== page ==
Stephen King On Screen (2022)

In a world where Gatekeepers seem to be regularly trying to fence Horror off as if it is an elitist club, it is great to see something so unashamedly celebrating one of the genre’s greats, and anything that encourages more people to love horror is worth celebrating

Stephen King On Screen (2022)

Directed by Daphné Baiwir

1976, Brian de Palma directs Carrie, the first novel by Stephen King. Since, more than 50 directors adapted the master of horror’s books, in more than 80 films and series, making him now, the most adapted author still alive in the world. (IMDB)

Review by Mark Walker

1976, Brian de Palma directs Carrie, the first novel by Stephen King. Since, more than 50 directors adapted the master of horror’s books, in more than 80 films and series, making him now, the most adapted author still alive in the world. (IMDB)

I, like so many other people who enjoy horror, was dragged into the genre after an introduction to Stephen King. His works were, and continue to be, the gateway for many a new Constant Reader as they embark on a lifetime love of Horror. Even though much of his work might not even be considered horror by many (although most have elements of horror) King’s style of writing and the atmosphere and characters he creates are magnetic and hard to pull away from once you start.

For me it was Carrie and Christine where I started back around the age of 10 or 11 when I could borrow books from the library or buy my own from WHSmiths and not have to worry my mum by asking her to buy horror books for me. (She had been concerned a couple of years earlier when I had bought a Pan Book of horror stories from the school book club.)

I think Christine and Carrie were also the first two Stephen Kings films I saw, likely late-night showings, recorded on an old VCR.

What I can’t now remember is whether I saw the films first or read the books; it’s a good 40 years ago! But I suspect many Constant Readers had a similar introduction to King and he is almost as ubiquitous with the films adapted from his works as the novels themselves. You can’t think about King’s novels without thinking about the large number of movies that are also out there; a list that is constantly being added to.

Stephen King On Screen (2022)

Baiwir’s documentary takes a fond look down memory lane to explore the impact of King on the world of movies, talking to those people involved in their production from Carrie to Cujo and from The Shining to The Shawshank Redemption. We get contributions from Frank Darabont, Mike Flanagan, Mick Garris, Tom Holland, Tom McLoughlin and Taylor Hackford to name just a handful of the dozens of contributors all discussion their experiences of working on those many films.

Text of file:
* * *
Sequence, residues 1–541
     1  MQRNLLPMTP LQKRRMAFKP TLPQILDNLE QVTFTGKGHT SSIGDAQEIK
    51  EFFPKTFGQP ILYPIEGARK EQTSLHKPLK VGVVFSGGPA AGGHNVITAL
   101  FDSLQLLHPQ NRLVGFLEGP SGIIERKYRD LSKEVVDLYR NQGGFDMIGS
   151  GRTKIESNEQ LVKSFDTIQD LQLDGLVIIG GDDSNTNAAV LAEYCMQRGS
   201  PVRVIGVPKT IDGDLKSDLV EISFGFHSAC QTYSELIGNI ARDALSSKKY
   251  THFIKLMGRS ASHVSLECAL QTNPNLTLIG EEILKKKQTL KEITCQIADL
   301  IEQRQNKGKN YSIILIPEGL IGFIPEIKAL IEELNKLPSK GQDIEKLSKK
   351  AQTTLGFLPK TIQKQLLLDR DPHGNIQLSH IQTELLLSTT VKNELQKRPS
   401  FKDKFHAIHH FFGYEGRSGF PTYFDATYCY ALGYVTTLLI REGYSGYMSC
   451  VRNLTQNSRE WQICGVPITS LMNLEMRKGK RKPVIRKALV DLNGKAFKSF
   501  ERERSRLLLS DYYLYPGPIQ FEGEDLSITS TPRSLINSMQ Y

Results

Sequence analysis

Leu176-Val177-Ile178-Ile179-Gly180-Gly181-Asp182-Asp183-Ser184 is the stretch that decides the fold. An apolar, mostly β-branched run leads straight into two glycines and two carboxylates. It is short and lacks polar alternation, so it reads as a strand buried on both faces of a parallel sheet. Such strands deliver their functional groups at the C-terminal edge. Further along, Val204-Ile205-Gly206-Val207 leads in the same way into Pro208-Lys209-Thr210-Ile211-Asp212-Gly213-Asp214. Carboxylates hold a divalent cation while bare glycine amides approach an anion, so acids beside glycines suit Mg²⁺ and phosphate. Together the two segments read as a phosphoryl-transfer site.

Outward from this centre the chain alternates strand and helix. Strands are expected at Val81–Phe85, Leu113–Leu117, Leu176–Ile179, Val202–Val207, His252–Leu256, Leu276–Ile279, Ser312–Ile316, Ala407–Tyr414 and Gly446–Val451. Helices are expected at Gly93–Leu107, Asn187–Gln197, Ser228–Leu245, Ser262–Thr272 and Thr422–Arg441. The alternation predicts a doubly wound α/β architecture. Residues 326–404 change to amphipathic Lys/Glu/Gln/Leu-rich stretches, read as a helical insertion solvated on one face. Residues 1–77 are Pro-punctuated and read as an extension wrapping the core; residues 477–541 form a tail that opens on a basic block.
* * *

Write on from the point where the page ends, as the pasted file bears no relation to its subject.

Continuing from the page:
And therein lies KoS’s main weakness – there is just too much to cover in 105 minutes (IMDB seems to say 75 minutes, but my screener was 105) when examining a writer as prolific as King.

Bookended by a couple of fun scenes with Baiwir visiting a curious shop straight out of Needful Things, the documentary gets stuck into the movies with minimal history about the man himself. While those bookends will leave your head reeling with the number of easter eggs that can be spotted, the rest of the documentary is less comprehensive and may leave many fans wanting more.

This isn’t because the film isn’t interesting. If you like clip shows and talking heads, then you will enjoy sitting back and having that trip down memory lane. If you want a more in depth look at King, the movies he has inspired and their impact on modern culture, then this film only scratches the surface. There is nothing here that even a casual, not-quite-Constant Reader, doesn’t already know. Although, having said that, there was one fun fact that I didn’t remember if I knew before, so that was nice… or a timely reminder of my advancing years!

There is a large focus on Darabont and Flanagan here. Not necessarily to the detriment of the other directors and crew, but this does show that you could fill 2 hours alone with a retrospective just from Darabont. I know we can’t expect that detail in a film under 2 hours, it’s just a shame as the subject is just so interesting.

This also highlights the alarming lack of Stephen King adaptations led by women, curiously at odds with his ability to write female characters. 

Despite being a light introduction to Stephen King, On Screen is an enjoyable trot down memory lane for us older Constant Readers, reminding us why we love King’s books and movies. It’s a memoir of the familiar that welcomes you in just like King’s books. But it also serves as a great introduction to his world and will hopefully tempt a few more readers over to the dark side and create new Constant Readers.

In a world where Gatekeepers seem to be regularly trying to fence Horror off as if it is an elitist club, it is great to see something so unashamedly celebrating one of the genre’s greats, and anything that encourages more people to love horror is worth celebrating

Signature Entertainment presents Stephen King on Screen on Digital Platforms 26th June & Blu-ray 18th September,

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Author

  • Jim Mcleod

    Jim "The Don" Mcleod has been reading horror for over 35 years, and reviewing horror for over 16 years. When he is not spending his time promoting the horror genre, he is either annoying his family or mucking about with his two dogs Casper and Molly.

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